Very Posh Cheese & Biscuits
Potted Wensleydale Cheese with Mulled Port Wine Jelly and Home-baked Digestive biscuits
This post includes a recipe plus further recipe links
This is an entry for Paper Chef, February 2005
Ingredients selected for this month's challenge are:
wheat flour - cinnamon - creme fraiche - oranges.
for bigger cheese & biscuits, click on the picture to enlarge
When I first read the paper chef ingredients for February, there was one thing I couldn't get out of my mind: "orange and cinnamon makes for great mulled wine". After a while pondering on it, the idea of posh cheese and biscuits formed. For some time I had been toying with the idea of making some potted cheese and attempting to bake Digestives (which are wholewheat, semisweet British cookies that pair perfectly with cheese and can only be bought in specialist stores Stateside). Paper Chef presented me with an excellent excuse to put these English-centric ideas into practice and pair them with a homemade Mulled Port Wine Jelly.
for extra creamy cheesiness, click on the picture to enlarge
Mulled Port Wine Jelly with Orange & Cinnamon, Recipe Link
For this conserve, I used the recipe here. I followed the recipe precisely until it came to pectin section. The instructions on the recipe didn't match the guidelines in the pectin box. I ended up using only 1oz of pectin which was more than enough. The pectin didn't blend well into the liquid, so to get rid of any lumps, I used a hand blender. By itself, the jelly tastes a little too sweet for my tastes. Next time I would start by trying to reduce the amount of sugar by at least a cup.
Will it drive you potty? click on the picture to enlarge
Potted Wensleydale Cheese with Creme Fraiche, Recipe
3 oz good quality Wensleydale cheese, grated
1 dessert spoon of creme fraiche
1/2 tsp freshly grated nutmeg
1 glug of dry sherry
salt and pepper to taste
1/2 oz of butter
Stir nutmeg, sherry, seasoning, creme fraiche and cheese together. Mix well. Transfer to a ramekin dish. Pat down and smooth the top. Melt the butter and pour over the top to seal. Refrigerate at least until butter is fully hardened before consuming.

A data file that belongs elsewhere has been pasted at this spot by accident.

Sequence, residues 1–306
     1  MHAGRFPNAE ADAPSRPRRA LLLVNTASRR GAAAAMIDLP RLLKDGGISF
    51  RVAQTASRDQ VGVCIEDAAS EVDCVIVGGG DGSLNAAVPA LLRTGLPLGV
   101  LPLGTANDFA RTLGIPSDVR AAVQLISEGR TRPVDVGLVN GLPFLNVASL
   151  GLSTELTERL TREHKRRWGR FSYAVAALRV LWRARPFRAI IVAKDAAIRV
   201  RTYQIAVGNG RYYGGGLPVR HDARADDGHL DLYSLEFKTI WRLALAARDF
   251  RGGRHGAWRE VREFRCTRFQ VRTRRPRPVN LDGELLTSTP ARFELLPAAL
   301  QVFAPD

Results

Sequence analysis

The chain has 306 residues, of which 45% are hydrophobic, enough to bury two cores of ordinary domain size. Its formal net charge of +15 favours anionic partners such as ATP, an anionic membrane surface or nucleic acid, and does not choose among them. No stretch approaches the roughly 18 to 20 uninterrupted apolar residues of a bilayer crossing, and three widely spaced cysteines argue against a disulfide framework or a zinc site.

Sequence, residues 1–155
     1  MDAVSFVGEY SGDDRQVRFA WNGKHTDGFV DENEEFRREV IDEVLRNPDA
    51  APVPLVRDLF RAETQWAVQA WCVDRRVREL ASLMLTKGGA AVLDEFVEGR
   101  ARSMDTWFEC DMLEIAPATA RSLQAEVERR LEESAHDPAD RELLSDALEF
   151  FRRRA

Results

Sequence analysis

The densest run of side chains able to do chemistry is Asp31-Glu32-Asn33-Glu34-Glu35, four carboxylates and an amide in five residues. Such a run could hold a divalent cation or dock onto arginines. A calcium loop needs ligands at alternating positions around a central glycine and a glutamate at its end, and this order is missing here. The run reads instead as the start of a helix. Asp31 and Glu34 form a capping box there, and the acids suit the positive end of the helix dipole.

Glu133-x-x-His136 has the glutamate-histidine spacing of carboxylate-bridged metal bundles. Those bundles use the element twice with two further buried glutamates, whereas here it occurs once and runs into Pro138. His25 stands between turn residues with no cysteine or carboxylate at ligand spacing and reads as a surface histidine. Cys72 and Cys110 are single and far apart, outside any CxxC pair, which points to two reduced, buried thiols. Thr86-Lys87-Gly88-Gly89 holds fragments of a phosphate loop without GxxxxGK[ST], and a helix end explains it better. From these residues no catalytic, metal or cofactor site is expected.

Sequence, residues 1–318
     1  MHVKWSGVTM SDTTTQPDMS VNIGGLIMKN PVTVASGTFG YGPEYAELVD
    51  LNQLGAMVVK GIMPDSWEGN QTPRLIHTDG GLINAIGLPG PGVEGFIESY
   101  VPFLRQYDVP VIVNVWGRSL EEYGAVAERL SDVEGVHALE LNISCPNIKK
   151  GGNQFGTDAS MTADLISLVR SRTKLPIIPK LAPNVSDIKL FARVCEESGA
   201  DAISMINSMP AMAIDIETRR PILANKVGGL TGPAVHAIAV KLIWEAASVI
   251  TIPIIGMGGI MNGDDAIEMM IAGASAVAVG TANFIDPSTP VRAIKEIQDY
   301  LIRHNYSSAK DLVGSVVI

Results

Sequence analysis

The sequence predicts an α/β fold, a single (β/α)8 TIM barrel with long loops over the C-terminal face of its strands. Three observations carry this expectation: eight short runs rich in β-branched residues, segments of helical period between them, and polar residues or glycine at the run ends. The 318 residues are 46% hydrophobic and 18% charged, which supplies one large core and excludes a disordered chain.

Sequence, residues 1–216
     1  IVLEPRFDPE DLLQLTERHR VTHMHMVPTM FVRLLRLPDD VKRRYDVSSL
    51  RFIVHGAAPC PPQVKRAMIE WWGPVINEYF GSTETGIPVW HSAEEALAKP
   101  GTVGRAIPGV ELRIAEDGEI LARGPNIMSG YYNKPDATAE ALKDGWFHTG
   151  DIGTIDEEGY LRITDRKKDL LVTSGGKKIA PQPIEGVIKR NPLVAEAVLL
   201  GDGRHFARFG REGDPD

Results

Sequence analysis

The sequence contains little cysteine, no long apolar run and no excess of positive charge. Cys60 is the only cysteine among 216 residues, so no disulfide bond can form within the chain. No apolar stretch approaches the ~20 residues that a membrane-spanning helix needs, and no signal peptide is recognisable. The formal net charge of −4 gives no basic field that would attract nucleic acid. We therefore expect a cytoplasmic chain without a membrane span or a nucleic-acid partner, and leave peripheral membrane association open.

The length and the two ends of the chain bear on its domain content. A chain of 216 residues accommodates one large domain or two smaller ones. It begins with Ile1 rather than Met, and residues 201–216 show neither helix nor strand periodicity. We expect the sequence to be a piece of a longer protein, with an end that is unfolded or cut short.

a classy way to serve cheese. click on the picture to enlarge
Digestive Biscuits, made with whole wheat flour, Recipe Link
I used the recipe here to make the biscuits. It was easy to follow, fast and successful. Don't worry about kneading your dough a little to combine it. My second, more handled batch, turned out much better. I also left the second batch on a tray in the freezer for 10 minutes before baking, so maybe that contributed to the improved results too.
Tasted separately, each of these three things were pretty good. Combined together, they were dynamite. Mild but tasty, creamy, cheese, offset by a tinge of mulled sweetness, on a wheaty, crunchy biscuit. Perfect! I couldn't resist eating 3 for my late breakfast, even though I'd already had a large slice of toast and marmite a little while earlier.
I wasn't even going to offer one to Fred who usually only likes his cheese French and melted and who doesn't care for sweet things, especially when paired with something savoury. But he loved the smell of the cookies and asked if he could try, so I gave in. I waited, wide eyed, whilst he formed an opinion. "Interesting", he mused, "I like it, it's pretty good, especially the cookie which has a sandy texture. Actually the cookie is excellent, I love it, I am even going to eat one for breakfast." (NB Fred doesn't do breakfast)
How about Stilton or a sharp English Cheddar?
I think this recipe might be really great at Christmas time, using Stilton in place of the Wensleydale. Apart from the seasonal connotations that cinnamon, oranges, Stilton and mulled port wine have, I think Stilton might make an even tangier and more contrasting accompaniment to the sweet jelly. A very sharp cheddar would be good too.
Read the full round up of Paper Chef entries here
The Digestive Biscuit by Nice Cup of Tea & A Sit Down
Definition of a Digestive Biscuit.
Visit The Wensleydale Dairy.
Gromit's favourite cheese
The history of Port, a popular British after-dinner bevvy.
Very Posh Cheese & Biscuits